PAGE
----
This article is the first of a series of four planned papers on this topic. Citations of moringa’s health effects are summarized at the end of the article in a tabular format and the strength of evidence discussed in very general terms. Based on literature survey, 169 collated references are categorized by the disease treated and/or the major health effects that are prevented; for e.g. asthma treatment, cancer therapy / protection, circulatory/endocrine disorders, etc. Each reference is also correlated with the associated moringa plant part that effects these benefits.

Edit Email this | History

Author(s): Jahey FW
Published in: Trees for Life Journal.   Dec 1, 2005

Moringa oleifera has many touted uses in folk medicine. There has been some research accomplished to attempt to back up these claims, but they prove inadequate for two reasons. The author calls to stop this problem by doing human test and having control groups in studies in order to have something with which to compare the results.

Edit Email this | History

Moringa oleifera: Analysis of numbers of papers/mentions over time

Author(s): Fletcher, Dr Rob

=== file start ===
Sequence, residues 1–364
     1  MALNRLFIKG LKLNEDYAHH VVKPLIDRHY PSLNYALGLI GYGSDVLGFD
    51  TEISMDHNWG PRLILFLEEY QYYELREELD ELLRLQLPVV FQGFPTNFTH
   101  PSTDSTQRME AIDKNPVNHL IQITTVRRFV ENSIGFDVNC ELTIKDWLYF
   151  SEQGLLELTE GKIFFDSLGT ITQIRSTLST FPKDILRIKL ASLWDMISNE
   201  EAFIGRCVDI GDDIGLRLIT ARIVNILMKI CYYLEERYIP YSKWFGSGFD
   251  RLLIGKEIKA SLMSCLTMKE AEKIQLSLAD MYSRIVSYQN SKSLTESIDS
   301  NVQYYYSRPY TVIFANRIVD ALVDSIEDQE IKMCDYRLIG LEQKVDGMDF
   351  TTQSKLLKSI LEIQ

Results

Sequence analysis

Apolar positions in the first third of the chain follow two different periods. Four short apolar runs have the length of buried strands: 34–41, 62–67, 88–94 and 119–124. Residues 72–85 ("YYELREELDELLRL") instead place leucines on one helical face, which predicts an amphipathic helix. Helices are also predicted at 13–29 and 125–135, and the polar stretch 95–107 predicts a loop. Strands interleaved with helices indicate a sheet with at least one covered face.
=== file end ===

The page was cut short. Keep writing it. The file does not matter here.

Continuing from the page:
Published in: Australian New Crops.   Sep 26, 2005
Listing of Useful Plants in the World

This is a chart depicting the amount of papers, articles and mentions that Moringa oleifera has received from the years 1960 to 1996. Also compiled in this document is a long list of authors of articles and papers from which these statistics were gathered. Overall, the chart shows a total of 43 papers/mentions on M. oleifera.

Edit Email this | History

Septilin in infective dermatoses

Author(s): Sharma, S.K., H.O. Agarwal, Dharam Pal, Dr Bikhchandani
Published in: The Himalaya Drug Co..   Sep 19, 2005

A study was performed on the effects of septilin, an antibiotic tablet containing extracts from various plants, including Moringa pterygosperma (full list included in article), known for their antibiotical and nutritional properties, on various dermatological conditions. Septilin was used as an experimental substitute for other antibiotics that are much more costly and have side effects, which septilin has yet to show. Of the seven conditions tested, only one (chronic folliculitis) showed a significant amount of improvement in the subjects, while second was the disease acne vulgaris, in which half of the conditions improved. It was concluded that septilin only proves effective on chronic dermatological conditions.